Founder’s Day Convocation emphasized Morgan’s historical branch

Rushaad Hayward, Contributing Writer

Morgan State hosted its annual Founders Day Convocation Thursday with an emphasis on one of the University’s historical branches.

The 2018 Founders Day Convocation celebrated more than 150 years of Morgan State’s founding on November 27, 1867. Students, staff, and faculty members gathered in the Carl J. Murphy Fine Arts building to attend the event.

The convocation opened with an invocation from Reverend Dr. Bernard Keels. Next, the crowd was then greeted by the Chair of the Board of Regents Kweisi Mfume as he stressed the importance of this day to the students and staff in the audience.

“We look forward to an even greater history of growth, education, and achievement,” said Mfume. “We have learned to pause each year on this day. This institution celebrates annually its future.”

Following his speech came a musical selection from the Morgan State Choir led by Director Eric Conway. The choir performed Leonard Bernstein Mass.

At the conclusion of their performance, President David Wilson then introduced the prominent guest speaker, Dr. Nancy Elizabeth Fitch.

Dr. Fitch is a distinguished Historian-in-Residence, and retired associate professor of English at the College of New Rochelle was honored to be the speaker for the convocation.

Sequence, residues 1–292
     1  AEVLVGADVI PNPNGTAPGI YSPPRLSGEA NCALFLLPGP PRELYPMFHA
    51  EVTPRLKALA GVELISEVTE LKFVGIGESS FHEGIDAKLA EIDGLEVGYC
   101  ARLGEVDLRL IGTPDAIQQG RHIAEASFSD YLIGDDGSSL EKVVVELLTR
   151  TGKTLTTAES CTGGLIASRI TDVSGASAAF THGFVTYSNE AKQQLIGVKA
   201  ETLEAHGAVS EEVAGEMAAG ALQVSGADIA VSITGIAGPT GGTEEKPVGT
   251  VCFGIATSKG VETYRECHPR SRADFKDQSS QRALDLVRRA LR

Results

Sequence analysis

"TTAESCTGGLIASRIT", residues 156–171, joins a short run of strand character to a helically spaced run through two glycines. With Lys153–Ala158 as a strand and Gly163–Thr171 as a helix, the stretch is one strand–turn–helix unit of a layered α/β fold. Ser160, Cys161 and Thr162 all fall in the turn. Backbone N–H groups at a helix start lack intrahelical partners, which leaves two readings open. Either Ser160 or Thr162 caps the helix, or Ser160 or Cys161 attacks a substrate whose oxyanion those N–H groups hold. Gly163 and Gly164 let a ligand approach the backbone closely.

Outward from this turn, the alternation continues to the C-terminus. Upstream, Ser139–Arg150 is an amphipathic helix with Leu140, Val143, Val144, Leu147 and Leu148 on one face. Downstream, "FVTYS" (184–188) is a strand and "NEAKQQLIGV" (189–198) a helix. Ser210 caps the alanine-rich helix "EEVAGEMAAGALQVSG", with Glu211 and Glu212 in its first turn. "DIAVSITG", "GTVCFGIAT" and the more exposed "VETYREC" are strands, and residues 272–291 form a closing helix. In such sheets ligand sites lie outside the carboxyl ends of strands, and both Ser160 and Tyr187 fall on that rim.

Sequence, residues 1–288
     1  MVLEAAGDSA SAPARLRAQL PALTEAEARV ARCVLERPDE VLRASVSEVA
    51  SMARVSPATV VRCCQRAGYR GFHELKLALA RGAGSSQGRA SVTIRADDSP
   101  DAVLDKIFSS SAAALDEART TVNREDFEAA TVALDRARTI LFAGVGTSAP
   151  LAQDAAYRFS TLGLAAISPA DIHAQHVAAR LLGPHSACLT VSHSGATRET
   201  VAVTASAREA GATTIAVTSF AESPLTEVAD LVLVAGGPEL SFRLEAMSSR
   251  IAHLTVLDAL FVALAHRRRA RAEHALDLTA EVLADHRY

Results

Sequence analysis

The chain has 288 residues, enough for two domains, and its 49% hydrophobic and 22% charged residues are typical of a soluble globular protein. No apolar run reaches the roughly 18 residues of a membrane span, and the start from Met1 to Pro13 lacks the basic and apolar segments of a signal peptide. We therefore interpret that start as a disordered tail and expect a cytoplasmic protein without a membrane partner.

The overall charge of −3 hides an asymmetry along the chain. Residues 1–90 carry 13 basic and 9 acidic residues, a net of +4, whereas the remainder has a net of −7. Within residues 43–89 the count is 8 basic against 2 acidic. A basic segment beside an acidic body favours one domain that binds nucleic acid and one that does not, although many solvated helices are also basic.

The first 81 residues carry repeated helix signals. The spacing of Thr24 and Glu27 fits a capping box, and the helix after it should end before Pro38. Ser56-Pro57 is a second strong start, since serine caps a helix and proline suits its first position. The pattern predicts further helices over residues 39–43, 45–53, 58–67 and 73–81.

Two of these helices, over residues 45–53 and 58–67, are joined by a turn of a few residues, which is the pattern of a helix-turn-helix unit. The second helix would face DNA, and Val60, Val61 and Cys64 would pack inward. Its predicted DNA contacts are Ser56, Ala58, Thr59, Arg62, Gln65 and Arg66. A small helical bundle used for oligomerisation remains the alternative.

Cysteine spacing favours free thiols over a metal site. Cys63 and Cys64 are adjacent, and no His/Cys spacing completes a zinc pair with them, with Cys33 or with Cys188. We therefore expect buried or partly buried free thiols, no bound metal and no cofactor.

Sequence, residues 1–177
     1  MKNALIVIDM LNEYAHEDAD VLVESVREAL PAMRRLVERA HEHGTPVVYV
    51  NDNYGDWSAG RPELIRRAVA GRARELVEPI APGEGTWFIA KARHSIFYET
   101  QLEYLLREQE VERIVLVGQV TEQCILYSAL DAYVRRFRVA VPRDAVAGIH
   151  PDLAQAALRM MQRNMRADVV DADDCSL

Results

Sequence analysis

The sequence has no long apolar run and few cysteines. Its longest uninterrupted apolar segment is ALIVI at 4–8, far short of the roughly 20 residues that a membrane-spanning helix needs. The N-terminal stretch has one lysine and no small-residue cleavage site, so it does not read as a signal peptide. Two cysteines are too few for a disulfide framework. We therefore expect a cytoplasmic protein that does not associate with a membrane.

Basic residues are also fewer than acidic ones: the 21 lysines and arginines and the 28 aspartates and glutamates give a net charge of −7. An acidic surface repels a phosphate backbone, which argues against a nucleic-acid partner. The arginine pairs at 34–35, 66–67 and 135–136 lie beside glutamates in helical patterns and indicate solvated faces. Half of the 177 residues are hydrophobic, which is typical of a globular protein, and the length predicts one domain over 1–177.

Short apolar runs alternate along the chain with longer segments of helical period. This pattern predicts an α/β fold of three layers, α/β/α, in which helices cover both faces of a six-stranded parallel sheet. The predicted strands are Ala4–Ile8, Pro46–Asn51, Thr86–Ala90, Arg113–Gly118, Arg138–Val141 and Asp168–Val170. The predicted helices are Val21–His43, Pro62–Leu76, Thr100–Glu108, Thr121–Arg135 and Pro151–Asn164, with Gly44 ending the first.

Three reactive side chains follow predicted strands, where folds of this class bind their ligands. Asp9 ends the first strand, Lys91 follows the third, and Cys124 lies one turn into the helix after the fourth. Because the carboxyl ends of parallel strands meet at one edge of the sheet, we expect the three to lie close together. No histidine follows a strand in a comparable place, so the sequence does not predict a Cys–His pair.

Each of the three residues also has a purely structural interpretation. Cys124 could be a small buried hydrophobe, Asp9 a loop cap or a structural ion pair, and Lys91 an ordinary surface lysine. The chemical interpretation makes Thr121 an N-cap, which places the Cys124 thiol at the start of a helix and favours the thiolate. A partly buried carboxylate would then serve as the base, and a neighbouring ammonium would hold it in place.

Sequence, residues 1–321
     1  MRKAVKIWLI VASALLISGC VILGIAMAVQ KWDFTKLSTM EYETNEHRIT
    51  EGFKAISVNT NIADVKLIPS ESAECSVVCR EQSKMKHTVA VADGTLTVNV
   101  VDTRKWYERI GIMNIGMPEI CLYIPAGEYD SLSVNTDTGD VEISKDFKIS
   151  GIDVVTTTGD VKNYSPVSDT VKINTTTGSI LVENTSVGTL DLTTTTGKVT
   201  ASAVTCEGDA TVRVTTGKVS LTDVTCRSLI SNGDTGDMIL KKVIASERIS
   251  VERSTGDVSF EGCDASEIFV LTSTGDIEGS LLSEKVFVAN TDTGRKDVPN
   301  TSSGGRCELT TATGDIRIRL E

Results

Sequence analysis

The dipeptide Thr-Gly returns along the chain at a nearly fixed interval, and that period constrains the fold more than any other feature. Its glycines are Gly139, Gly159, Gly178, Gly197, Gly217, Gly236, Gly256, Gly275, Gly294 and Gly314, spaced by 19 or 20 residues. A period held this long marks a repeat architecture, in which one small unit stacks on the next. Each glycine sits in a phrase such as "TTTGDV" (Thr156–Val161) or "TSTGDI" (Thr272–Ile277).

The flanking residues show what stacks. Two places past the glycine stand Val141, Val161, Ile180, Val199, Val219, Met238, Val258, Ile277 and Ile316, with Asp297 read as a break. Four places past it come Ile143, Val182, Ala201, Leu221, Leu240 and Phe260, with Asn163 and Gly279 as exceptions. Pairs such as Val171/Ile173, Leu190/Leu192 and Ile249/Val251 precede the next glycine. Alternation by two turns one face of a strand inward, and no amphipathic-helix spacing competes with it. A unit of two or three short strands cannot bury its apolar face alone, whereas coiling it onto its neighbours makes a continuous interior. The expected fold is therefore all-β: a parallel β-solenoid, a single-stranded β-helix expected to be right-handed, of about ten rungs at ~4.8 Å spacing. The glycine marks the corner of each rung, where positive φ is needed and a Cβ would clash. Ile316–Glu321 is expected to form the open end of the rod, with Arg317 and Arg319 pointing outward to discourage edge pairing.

She shared the deeply embedded and extensive history of the Virginia Collegiate and Industrial Institute, 1893-1917, and at the time Morgan College.

“Some of our historically black colleges and universities and many of their constituent parts like VCII suffer death by fire. Records and institutional memories were lost, some institutions never to be heard from again. Their work neither remembered nor acknowledged, but due to your good offices that will not happen to Virginia Collegiate and Industrial Institute or to Frank J. Trigg Jr,” said Dr. Fitch.

She emphasized the legacy of the institution which still stands today.

“Yes VCII died on October 3, 1917, and went straight to limbo for three decades,” said Dr. Fitch. “25 years of struggle, challenge, and success with never enough resources but with perseverance that led to accolades and achievement that can be identified.”

She also reminded everyone that Morgan used to have campuses in Virginia and in Princess Anne. The branch in Princess Anne is now the University of Maryland Eastern Shore. A fact that some might not seem to know.

President Wilson then began the presentation of the distinguished achievement awards. Among the recipients was Harriet Woolford, a former dorm advisor. Woolford is most known for her heroics in saving students from a fire at the Virginia Collegiate and Industrial Institute.

“God has blessed the work,” said Dr. Fitch.